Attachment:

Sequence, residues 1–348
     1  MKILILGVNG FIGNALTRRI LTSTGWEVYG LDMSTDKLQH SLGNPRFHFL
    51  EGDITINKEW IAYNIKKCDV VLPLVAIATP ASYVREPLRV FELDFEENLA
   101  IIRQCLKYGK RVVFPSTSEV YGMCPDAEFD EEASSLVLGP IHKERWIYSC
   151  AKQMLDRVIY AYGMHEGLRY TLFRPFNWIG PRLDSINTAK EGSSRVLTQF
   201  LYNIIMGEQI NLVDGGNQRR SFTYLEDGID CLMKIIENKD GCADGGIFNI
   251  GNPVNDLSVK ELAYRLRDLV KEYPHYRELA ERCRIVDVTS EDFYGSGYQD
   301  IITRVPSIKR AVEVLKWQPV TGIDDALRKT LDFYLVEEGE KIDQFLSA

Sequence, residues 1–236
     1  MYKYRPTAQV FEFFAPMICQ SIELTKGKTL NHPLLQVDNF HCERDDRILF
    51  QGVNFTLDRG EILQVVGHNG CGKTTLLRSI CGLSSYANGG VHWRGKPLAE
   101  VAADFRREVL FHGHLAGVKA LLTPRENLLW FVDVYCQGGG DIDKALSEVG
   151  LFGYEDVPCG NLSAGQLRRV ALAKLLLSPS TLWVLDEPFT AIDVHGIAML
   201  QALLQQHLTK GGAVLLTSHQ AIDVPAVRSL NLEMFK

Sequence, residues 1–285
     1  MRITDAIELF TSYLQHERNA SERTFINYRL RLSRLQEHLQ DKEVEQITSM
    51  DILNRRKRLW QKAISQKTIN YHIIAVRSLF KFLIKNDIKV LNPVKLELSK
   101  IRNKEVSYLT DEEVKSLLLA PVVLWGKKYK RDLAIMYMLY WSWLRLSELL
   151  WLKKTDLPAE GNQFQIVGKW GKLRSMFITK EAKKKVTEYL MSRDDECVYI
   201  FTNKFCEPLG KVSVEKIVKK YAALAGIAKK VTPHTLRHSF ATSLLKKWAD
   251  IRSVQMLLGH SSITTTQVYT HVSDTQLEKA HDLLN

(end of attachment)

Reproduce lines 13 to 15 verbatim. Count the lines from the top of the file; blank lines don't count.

   151  LFGYEDVPCG NLSAGQLRRV ALAKLLLSPS TLWVLDEPFT AIDVHGIAML
   201  QALLQQHLTK GGAVLLTSHQ AIDVPAVRSL NLEMFK

Sequence, residues 1–285